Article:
As we close the chapter on the first half of 2020, there is so much to reflect on. Coronavirus/Covid-19 hasn’t just changed the way we make movies, it’s also encouraged us to think deeply about our values. For several months I found myself frequently sad and overwhelmed with all the new information to process, daily.

Then the killing of George Floyd brought Black Lives Matter front and center. Social media and popular media embraced solidarity statements and brands began making concrete, measurable commitments to change. I was surprised at how angry I felt – not a new anger, but the reawakening of something that had been in me for many years.

For the Together Pictures team, these conversations didn’t begin in 2020. Our leadership has been prioritizing the health and wellbeing of BIPOC (Black, Indigenous, and People of Color) communities for decades. We do this by being a diversity hirer. By mentoring young professionals. By ensuring that the media we create include positive images that are diverse and inclusive. We changed our company name to make this commitment even more clear (from Community Bridge Video to Together Pictures). What happens when instead of having to fight for a seat at the table, we build a new table together?

In 2020 and beyond, we will continue to talk about and plan for progress. As storytellers, we’re used to planning for and building a future that doesn’t yet exist. Our team will never stop reaching, learning, pushing, and growing our understanding of systemic racism and how the media landscape plays into maintaining this broken status quo. We are committed to dismantling systems that keep people down and to building and maintaining new methods and processes that will help to make filmmaking a place where EVERYONE can succeed.

This weekend, I will celebrate the bittersweet holiday of July 4th, knowing that righteous anger is a form of love. I love the future that we are building together by having tough conversations and doing the hard work. Together, we can.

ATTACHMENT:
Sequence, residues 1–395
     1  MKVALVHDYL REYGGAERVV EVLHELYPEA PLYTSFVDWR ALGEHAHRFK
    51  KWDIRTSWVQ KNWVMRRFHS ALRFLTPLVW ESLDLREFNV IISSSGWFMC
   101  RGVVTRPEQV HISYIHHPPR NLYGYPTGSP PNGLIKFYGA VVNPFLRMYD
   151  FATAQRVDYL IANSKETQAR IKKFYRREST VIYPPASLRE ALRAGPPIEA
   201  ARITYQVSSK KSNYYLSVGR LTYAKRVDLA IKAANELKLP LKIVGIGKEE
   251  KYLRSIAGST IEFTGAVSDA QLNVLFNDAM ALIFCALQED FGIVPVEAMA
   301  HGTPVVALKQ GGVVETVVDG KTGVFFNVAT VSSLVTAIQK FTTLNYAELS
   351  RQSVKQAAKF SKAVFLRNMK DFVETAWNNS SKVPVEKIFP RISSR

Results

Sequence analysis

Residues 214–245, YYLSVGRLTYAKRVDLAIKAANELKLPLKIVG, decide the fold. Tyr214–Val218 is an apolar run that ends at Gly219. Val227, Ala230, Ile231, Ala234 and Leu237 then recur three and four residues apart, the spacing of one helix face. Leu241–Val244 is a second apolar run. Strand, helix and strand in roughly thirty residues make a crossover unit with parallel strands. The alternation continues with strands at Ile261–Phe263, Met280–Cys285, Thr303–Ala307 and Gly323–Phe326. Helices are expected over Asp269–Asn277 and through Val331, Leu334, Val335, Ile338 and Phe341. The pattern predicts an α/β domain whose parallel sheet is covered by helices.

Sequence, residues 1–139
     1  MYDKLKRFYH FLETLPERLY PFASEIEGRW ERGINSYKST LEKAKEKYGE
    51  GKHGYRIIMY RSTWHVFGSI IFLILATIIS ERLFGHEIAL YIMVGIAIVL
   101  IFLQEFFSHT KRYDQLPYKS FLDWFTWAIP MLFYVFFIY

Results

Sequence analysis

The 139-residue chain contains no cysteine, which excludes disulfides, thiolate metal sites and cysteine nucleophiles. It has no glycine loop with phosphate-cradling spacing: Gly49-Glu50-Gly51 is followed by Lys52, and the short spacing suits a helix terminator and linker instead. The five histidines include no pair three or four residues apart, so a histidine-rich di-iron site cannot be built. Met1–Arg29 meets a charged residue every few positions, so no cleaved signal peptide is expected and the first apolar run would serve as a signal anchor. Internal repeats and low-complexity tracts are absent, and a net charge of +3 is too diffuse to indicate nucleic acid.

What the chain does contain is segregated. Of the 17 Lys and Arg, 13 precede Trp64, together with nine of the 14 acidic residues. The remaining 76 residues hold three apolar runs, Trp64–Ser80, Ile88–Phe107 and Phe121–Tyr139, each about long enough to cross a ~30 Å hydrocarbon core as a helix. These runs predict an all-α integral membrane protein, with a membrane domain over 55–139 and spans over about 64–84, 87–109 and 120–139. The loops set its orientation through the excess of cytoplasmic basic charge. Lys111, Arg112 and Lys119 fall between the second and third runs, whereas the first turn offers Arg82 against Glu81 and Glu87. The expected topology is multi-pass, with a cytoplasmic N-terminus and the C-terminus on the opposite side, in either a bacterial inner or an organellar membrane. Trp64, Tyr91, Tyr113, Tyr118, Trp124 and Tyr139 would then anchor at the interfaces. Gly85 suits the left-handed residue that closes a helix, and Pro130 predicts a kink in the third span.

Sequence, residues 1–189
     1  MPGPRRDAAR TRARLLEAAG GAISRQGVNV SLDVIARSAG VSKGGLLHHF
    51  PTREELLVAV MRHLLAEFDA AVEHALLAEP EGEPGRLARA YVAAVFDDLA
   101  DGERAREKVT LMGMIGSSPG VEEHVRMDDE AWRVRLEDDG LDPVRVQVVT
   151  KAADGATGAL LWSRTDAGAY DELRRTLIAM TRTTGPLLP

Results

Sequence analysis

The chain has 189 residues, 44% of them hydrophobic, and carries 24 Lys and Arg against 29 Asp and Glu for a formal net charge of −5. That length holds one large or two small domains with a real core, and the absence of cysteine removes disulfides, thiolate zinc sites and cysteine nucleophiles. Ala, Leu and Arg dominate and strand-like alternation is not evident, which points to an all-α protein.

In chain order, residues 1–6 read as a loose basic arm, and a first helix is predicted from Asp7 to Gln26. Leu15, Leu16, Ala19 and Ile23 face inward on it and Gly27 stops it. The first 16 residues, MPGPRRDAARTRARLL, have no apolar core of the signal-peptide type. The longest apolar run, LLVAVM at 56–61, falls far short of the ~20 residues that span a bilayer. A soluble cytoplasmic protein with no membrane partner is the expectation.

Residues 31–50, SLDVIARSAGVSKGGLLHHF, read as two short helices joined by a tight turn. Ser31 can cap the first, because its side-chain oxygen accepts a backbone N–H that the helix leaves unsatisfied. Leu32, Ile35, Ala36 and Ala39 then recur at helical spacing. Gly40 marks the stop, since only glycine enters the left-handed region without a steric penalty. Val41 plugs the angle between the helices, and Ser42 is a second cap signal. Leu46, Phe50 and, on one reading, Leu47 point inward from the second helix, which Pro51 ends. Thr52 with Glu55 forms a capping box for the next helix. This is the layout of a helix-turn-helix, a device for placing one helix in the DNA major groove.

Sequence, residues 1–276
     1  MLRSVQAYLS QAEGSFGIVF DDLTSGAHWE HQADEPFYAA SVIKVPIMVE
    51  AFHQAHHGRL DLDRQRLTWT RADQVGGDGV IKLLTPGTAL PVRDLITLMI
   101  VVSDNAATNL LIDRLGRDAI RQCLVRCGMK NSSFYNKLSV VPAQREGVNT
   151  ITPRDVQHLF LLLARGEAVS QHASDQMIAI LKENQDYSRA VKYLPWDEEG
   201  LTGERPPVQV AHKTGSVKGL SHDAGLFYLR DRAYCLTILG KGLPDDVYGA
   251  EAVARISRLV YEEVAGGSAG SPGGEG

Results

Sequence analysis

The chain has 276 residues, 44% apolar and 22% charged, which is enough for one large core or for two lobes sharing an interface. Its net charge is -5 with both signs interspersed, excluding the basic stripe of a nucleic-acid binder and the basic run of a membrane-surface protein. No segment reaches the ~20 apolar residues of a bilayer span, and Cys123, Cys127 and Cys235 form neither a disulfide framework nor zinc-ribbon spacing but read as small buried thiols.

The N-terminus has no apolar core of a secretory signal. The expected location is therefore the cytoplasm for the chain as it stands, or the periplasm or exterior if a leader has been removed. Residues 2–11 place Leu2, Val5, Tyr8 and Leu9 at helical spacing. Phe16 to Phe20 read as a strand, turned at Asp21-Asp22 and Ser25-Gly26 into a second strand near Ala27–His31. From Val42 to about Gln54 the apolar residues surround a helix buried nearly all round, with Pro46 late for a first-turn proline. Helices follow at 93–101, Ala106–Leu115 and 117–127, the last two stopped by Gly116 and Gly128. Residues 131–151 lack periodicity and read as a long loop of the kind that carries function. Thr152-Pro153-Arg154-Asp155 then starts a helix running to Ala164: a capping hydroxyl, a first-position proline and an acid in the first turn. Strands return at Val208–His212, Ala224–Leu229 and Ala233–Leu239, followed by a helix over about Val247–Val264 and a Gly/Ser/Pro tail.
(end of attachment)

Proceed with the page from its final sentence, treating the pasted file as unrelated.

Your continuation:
In the spirit of solidarity, I offer this powerful poem from Langston Hughes.

Let America be America again.
Let it be the dream it used to be.
Let it be the pioneer on the plain
Seeking a home where he himself is free.

(America never was America to me.)

Let America be the dream the dreamers dreamed—
Let it be that great strong land of love
Where never kings connive nor tyrants scheme
That any man be crushed by one above.

(It never was America to me.)

O, let my land be a land where Liberty
Is crowned with no false patriotic wreath,
But opportunity is real, and life is free,
Equality is in the air we breathe.

(There’s never been equality for me,
Nor freedom in this “homeland of the free.”)

Say, who are you that mumbles in the dark?
And who are you that draws your veil across the stars?

I am the poor white, fooled and pushed apart,
I am the Negro bearing slavery’s scars.
I am the red man driven from the land,
I am the immigrant clutching the hope I seek—
And finding only the same old stupid plan
Of dog eat dog, of mighty crush the weak.

I am the young man, full of strength and hope,
Tangled in that ancient endless chain
Of profit, power, gain, of grab the land!
Of grab the gold! Of grab the ways of satisfying need!
Of work the men! Of take the pay!
Of owning everything for one’s own greed!

I am the farmer, bondsman to the soil.
I am the worker sold to the machine.
I am the Negro, servant to you all.
I am the people, humble, hungry, mean—
Hungry yet today despite the dream.
Beaten yet today—O, Pioneers!
I am the man who never got ahead,
The poorest worker bartered through the years.

Yet I’m the one who dreamt our basic dream
In the Old World while still a serf of kings,
Who dreamt a dream so strong, so brave, so true,
That even yet its mighty daring sings
In every brick and stone, in every furrow turned
That’s made America the land it has become.
O, I’m the man who sailed those early seas
In search of what I meant to be my home—
For I’m the one who left dark Ireland’s shore,
And Poland’s plain, and England’s grassy lea,
And torn from Black Africa’s strand I came
To build a “homeland of the free.”

The free?

Who said the free? Not me?
Surely not me? The millions on relief today?
The millions shot down when we strike?
The millions who have nothing for our pay?
For all the dreams we’ve dreamed
And all the songs we’ve sung
And all the hopes we’ve held
And all the flags we’ve hung,
The millions who have nothing for our pay—
Except the dream that’s almost dead today.

O, let America be America again—
The land that never has been yet—
And yet must be—the land where every man is free.
The land that’s mine—the poor man’s, Indian’s, Negro’s, ME—
Who made America,
Whose sweat and blood, whose faith and pain,
Whose hand at the foundry, whose plow in the rain,
Must bring back our mighty dream again.

Sure, call me any ugly name you choose—
The steel of freedom does not stain.
From those who live like leeches on the people’s lives,
We must take back our land again,

O, yes,
I say it plain,
America never was America to me,
And yet I swear this oath—
America will be!

Out of the rack and ruin of our gangster death,
The rape and rot of graft, and stealth, and lies,
We, the people, must redeem
The land, the mines, the plants, the rivers.
The mountains and the endless plain—
All, all the stretch of these great green states—
And make America again!

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